Revealed: Town Hall’s secret £2.5 million contract bungle
Exclusive: QC advised Camden Council to settle unsuccessful bidder's complaint out of court
27 July, 2017 — By Richard Osley
CAMDEN Council has secretly squandered £2.5 million of public money getting out of a contract bungle.
The New Journal can reveal the Town Hall agreed to shell out the huge sum to a company which complained about the way it was overlooked for a lucrative public works deal and threatened legal action.
Details of the botch-up have so far only been discussed in private among a small group at the Town Hall, with opposition councillors complaining that they have been kept in the dark despite the scale of the settlement.
Last night (Wednesday), Camden finance chief Councillor Theo Blackwell said the “situation was unacceptable” but added that it was also “rare” and that measures were now in place to avoid any further blunders.
Conservative councillor Claire-Louise Leyland, leader of the opposition, said her team had not been informed despite the eye-watering scale of the payment.
“Residents have been told cutting weekly bin collections would save £800,000 a year, but people could have had weekly collections for another three years with the £2.5million that has been frittered away here because of carelessness,” she said.
“As we were not told of this case, we haven’t been able to scrutinise what has happened. We need to know the details of what has happened here. This is such a lot of money, which is the public’s money, which would not have been lost if the council had done this properly.”
With the full details kept confidential, the New Journal has attempted to establish how Camden came to find itself signing off a compensation payment of this size. The case centres on the “public realm, maintenance and improvement works” contract, which includes tasks such as resurfacing roads and street lights inspections.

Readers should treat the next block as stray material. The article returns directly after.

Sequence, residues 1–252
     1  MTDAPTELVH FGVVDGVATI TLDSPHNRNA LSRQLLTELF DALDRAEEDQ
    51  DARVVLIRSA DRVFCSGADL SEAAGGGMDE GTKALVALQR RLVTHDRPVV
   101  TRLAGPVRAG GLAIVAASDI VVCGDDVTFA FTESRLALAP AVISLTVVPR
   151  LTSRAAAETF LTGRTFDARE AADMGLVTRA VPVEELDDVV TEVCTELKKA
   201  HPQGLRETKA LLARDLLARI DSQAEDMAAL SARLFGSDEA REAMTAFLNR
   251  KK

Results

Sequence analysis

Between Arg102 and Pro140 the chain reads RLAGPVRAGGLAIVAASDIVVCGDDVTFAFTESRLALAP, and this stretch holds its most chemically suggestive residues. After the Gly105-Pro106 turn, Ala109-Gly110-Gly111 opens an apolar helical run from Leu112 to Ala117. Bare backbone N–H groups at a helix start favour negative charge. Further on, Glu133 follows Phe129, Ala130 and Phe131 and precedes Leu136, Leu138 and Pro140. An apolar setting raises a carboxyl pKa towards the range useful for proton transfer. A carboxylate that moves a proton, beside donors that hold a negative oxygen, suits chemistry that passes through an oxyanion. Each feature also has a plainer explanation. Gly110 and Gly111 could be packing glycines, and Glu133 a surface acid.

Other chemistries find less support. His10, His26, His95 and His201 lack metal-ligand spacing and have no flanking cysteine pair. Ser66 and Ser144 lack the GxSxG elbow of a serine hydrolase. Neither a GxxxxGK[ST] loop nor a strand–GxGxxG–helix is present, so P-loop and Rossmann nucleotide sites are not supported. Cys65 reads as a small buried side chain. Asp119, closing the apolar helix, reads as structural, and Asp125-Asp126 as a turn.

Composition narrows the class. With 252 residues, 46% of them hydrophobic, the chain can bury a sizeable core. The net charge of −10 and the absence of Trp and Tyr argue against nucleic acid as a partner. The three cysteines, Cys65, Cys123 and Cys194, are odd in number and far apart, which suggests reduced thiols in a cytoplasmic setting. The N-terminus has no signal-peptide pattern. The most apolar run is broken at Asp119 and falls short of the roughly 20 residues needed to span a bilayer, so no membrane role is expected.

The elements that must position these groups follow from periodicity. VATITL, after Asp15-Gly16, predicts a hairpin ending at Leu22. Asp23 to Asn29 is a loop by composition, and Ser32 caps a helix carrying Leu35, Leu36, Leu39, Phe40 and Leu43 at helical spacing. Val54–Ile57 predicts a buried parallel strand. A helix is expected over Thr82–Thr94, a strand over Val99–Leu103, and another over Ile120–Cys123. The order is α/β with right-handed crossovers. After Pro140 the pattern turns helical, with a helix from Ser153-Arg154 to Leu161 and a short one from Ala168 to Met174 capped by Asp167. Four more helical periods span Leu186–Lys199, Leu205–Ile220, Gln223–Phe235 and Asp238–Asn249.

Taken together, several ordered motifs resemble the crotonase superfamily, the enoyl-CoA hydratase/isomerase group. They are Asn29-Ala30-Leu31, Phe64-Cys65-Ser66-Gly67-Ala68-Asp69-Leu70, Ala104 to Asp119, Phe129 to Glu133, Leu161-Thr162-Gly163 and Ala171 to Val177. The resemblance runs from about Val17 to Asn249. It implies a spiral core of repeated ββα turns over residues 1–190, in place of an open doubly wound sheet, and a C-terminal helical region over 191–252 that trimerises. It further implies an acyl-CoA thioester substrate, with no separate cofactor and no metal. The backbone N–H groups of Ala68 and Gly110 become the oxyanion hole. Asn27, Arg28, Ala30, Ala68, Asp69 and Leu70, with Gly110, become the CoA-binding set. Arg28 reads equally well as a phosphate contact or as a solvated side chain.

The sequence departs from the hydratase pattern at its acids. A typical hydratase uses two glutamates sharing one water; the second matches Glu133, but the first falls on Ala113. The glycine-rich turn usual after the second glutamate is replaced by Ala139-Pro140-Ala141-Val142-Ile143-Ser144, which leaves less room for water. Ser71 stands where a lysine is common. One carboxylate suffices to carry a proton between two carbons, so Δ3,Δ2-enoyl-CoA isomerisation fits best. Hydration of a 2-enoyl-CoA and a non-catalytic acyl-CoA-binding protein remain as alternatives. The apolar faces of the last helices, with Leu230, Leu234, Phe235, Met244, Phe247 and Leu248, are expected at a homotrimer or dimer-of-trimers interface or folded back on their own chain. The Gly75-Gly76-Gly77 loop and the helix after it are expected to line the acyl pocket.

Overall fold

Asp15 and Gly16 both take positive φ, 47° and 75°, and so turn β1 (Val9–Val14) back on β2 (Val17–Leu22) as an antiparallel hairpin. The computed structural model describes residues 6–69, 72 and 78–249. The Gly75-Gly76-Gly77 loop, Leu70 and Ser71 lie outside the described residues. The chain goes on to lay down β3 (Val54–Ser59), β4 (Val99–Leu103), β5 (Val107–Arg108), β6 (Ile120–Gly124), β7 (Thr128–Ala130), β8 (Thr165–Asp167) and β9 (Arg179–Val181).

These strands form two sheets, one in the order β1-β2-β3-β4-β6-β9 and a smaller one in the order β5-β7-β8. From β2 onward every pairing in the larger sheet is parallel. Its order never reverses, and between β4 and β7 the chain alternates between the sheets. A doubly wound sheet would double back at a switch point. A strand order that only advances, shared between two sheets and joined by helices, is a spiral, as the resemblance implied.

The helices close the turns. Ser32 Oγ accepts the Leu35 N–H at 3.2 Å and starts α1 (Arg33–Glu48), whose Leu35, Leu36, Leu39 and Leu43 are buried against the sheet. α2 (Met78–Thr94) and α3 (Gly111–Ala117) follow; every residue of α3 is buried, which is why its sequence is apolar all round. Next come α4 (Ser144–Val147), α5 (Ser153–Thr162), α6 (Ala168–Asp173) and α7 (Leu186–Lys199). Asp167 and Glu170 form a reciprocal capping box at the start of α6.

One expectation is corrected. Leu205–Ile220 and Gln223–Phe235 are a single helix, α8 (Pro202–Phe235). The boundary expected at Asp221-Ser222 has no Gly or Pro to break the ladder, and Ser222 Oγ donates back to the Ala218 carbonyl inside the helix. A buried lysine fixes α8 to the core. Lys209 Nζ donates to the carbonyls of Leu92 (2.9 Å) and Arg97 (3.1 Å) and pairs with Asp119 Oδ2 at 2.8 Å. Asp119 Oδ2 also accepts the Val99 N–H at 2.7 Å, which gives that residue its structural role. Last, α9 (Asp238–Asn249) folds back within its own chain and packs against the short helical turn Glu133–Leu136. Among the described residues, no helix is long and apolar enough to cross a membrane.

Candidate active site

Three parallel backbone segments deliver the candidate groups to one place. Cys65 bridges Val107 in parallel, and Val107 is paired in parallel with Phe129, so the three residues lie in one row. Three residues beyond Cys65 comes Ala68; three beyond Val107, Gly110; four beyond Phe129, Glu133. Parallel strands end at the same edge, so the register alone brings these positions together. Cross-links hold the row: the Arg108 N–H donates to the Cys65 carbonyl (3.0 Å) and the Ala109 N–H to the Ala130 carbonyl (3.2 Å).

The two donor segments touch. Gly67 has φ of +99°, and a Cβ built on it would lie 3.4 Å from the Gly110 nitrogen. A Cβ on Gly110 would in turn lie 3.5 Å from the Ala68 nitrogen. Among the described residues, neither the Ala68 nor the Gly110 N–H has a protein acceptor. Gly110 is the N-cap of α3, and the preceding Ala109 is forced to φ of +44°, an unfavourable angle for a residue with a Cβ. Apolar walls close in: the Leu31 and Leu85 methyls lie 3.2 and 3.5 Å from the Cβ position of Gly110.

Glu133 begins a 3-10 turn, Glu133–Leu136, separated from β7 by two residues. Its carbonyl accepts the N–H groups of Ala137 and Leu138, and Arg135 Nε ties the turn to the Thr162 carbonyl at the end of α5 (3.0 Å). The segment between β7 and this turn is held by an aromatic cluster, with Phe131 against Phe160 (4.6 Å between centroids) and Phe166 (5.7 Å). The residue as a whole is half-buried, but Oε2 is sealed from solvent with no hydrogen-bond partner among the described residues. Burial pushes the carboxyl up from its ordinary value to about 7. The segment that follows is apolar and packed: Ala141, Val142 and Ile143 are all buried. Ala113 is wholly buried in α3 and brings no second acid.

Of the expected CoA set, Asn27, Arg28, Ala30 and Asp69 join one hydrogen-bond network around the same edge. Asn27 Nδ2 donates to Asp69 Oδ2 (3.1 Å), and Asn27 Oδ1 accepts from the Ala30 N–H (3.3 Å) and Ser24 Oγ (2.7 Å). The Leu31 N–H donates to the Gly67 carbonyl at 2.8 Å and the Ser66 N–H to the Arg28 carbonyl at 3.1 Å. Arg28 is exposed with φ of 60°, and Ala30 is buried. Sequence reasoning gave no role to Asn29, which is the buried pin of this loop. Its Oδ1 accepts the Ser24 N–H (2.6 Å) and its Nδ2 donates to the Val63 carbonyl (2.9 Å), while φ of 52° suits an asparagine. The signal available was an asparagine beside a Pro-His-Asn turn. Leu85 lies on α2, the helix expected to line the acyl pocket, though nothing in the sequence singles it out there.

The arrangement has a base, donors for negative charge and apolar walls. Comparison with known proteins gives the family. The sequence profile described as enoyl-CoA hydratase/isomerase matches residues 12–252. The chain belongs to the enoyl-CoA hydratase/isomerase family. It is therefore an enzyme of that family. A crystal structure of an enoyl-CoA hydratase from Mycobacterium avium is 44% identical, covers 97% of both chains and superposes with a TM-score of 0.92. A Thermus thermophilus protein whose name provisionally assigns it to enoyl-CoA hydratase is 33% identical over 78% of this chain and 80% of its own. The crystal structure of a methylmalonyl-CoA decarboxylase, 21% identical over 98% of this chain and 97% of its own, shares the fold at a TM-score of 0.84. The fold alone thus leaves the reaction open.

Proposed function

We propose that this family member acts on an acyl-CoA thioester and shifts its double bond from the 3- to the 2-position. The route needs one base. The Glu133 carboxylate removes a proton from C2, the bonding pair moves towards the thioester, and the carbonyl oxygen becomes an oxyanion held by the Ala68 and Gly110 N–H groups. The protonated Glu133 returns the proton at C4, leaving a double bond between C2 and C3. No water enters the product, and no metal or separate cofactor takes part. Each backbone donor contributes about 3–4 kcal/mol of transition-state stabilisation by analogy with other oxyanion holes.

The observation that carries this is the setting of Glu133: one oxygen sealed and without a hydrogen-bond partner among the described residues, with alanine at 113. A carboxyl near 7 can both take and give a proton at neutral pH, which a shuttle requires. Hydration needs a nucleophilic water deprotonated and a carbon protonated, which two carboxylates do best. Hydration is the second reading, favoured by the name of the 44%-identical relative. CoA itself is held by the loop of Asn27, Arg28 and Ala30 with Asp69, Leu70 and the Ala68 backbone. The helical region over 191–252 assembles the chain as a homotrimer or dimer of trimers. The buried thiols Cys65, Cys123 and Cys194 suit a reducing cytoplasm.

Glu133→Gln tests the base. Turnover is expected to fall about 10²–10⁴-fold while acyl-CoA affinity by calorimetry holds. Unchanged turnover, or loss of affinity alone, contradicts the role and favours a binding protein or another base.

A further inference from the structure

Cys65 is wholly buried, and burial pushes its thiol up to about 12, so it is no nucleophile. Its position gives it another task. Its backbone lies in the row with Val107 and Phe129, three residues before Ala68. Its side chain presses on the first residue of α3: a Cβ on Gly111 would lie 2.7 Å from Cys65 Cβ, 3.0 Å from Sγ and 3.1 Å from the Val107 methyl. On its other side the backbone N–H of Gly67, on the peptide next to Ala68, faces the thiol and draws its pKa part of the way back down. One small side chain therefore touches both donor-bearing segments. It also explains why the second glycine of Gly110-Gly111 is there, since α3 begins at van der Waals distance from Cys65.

It is understood that the council hired a QC to look at the case when the losing bidder, so far unnamed, raised concerns. The silk in turn advised them to settle. The money is paid from “contingencies”, a percentage of cash set aside before the tendering process began in case of difficulties.
Cllr Blackwell said: “It is clear that this situation was unacceptable. When we were informed councillors ordered the procurement process to be thoroughly examined on behalf of the taxpayer. Auditors have assessed the systems and controls used throughout and identified areas for improvement to prevent this ever happening again.”
He added: “Camden Council successfully tenders around 40 to 50 large contracts annually to a value of up to £200m last year, so this failure is rare but extremely disappointing. “We have since reviewed our procurement system, and as mistakes were a key factor in this case, we have put new safeguards in place. This does not impact frontline services and we have ensured that costs associated with this case will have no impact on the council’s ongoing programme of investment.”